High-end GPUs are all the rage right now. They are driving deep neural net training for artificial intelligence, enabling the growing PC gaming market and next-generation virtual reality, augmented reality and mixed reality applications. There are only two high-end players in the GPU space, Advanced Micro Devices ‘s Radeon group and NVIDIA. Over the past few years, AMD has dominated the gaming console market and the lower end graphics market and shared the mid-range, while NVIDIA currently owns the datacenter and professional graphics, GPU DNN-training and the highest-end gaming graphics. AMD has gained unit graphics share the past few quarters.
While there are many factors that go into which vendor does what, architecture has historically been a determining factor in big swings of market share in one direction or another. This is what makes AMD’s Vega architecture so interesting as it could determine AMD’s place in graphics for the next 5 years. AMD has been riding different variations of the same GCN (Graphics Core Next) architecture since 2011 and has been making improvements to it, but Vega brings an entirely new architecture to the table.
Why a new architecture?
Advanced Micro Devices’s Radeon group has designed the Vega architecture to attack future workloads spanning workstation, compute and gaming. They cite that current architectures can’t tackle these future workloads and cite that game install sizes are rising, professional graphics data density and compute workloads are going into the petabytes, and that there’s a growing discrepancy between compute power and memory capacity. All this is true, and are you seeing a logical trend here around memory? If not, you should.
Architecture is important, but in the end, what matters is performance per watt per density workload based on Vega, and we won’t know those final number for a while.
Memory scalability, scalability, and more scalability
Advanced Micro Devices is calling Vega ‘the world’s most advanced GPU memory architecture’. It’s Interesting they lead with memory, not compute, right? I don’t think this indicates they are planning on weak compute, but memory scalability with a new hierarchy is something that could clearly differentiate them. I will get to compute later.
Vega includes a high-bandwidth cache with a 512 TB virtual address that connects different speed memory systems across NVRAM, system DRAM and networked storage. HBM2 delivers 2x the bandwidth per pin and double the capacity compared to HBM1 as well as 8x capacity/stack which just adds to Vega’s scalability capabilities.
New geometry pipeline
In Vega, Advanced Micro Devices is implementing a new geometry pipeline which AMD says deliver more than 2x the peak throughput per clock versus previous architectures. Part of what enables this is AMD’s implementation of a primitive shader that runs parallel to the vertex and geometry shaders.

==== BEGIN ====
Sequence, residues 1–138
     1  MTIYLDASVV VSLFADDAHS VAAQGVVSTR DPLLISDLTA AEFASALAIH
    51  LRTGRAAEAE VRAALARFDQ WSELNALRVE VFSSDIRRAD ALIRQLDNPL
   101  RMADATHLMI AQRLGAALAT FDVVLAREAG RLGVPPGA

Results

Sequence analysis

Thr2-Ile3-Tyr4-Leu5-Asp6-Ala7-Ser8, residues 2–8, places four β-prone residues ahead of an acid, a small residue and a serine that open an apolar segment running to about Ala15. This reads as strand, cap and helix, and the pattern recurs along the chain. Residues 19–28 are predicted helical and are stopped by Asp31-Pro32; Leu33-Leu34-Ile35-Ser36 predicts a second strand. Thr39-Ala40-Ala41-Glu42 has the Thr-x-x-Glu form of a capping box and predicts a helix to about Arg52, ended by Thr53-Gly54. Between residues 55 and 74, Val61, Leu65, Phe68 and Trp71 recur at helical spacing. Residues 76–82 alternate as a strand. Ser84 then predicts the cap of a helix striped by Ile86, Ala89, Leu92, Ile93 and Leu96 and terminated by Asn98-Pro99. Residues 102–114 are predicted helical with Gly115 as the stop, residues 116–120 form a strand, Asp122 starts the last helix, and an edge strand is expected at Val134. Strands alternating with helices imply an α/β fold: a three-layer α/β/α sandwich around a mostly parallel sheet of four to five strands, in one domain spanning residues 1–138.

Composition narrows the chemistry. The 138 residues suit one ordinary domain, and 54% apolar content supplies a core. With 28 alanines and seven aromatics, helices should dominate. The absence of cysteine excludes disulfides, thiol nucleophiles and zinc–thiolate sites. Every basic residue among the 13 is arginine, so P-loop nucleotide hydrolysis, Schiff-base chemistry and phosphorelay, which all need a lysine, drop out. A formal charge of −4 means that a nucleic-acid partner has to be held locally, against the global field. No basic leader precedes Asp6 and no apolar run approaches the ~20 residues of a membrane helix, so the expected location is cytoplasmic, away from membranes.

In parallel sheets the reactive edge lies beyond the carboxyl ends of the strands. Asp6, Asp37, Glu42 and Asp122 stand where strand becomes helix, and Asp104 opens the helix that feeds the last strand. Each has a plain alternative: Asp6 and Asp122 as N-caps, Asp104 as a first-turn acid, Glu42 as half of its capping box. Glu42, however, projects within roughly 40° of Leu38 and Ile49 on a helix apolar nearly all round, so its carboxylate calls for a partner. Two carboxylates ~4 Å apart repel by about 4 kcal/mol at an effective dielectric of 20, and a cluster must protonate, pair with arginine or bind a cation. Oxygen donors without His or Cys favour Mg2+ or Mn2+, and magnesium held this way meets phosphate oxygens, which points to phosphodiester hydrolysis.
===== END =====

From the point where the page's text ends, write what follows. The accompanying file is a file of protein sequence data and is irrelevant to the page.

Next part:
They have also improved load balancing allowing for more distributed tasks to be processed through the geometry, compute and pixel engines. Each of these engines is responsible for a different portion of what needs to be processed by the graphics chip to display a rendered image.
New compute unit
In addition to a new geometry pipeline, AMD has implemented a new compute unit which they’re simply dubbing the NCU for Next-generation Compute Unit, replacing GCN’s Graphics Core Next. Compute units are what’s responsible for doing the fundamental mathematical calculations to process all the different types of functions.
One of the more interesting characteristics about the NCU is that its double precision rate is configurable. AMD is saying that they can do 128, 32-bit operations per clock, 256 16-bit operations per clock and 512 8-bit operations per clock. What I’m most interested in better understanding is what happens to performance between 32, 16 and 8-bit operations. I’ll hunt that down later as its really important from an efficiency. For example, an this is true in every piece of silicon, if you throw 32 bits of die area to crunch 8 bits of data, that’s not as efficient as 8 bits of die area crunching 8 bits of data.
New pixel engine
Advanced Micro Devices also implemented a new pixel engine in Vega, which continues the work AMD has been doing for years in trying to reduce memory footprint. The new pixel engine utilizes things like a draw stream binning rasterizer which is once again designed to improve performance and save power. It does this by doing things like shading only once and culling pixels that are not visible to the user.
They’ve also directly connected the pixel engine along with the compute and geometry engines directly into L2 cache, which they didn’t do before. This is especially helpful when using deferred shading where performance gains can be recognized by connecting to faster cache instead of a memory controller.
All this techno-babble is important and fun, but what does it ultimately mean for Advanced Micro Devices and the Radeon graphics competitiveness and business? My big takeaway is that AMD rode GCN for five years, are deriving a maximum of $249 in the consumer space for a card based on GCN, and are moving to a new architecture with Vega, which theoretically give them access to markets yielding consumer maximums of around $699, even higher in workstations and the datacenter.
With Vega, AMD has architecturally changed nearly everything, the memory architecture, geometry pipeline, compute unit and pixel engine. As I said before, architecture improvements are great and what matters in the end is how the individual Vega-based products perform per watt and density across different workloads, how much they can price it at and how much that costs AMD.
Vega signifies AMD’s best opportunity in graphics to drive share and profits and I’m looking forward to the first Vega products to test.